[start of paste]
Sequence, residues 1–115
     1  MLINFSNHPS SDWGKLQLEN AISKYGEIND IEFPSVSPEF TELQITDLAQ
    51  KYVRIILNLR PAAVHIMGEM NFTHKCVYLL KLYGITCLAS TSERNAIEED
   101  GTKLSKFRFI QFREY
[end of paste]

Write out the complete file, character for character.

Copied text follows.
Sequence, residues 1–115
     1  MLINFSNHPS SDWGKLQLEN AISKYGEIND IEFPSVSPEF TELQITDLAQ
    51  KYVRIILNLR PAAVHIMGEM NFTHKCVYLL KLYGITCLAS TSERNAIEED
   101  GTKLSKFRFI QFREY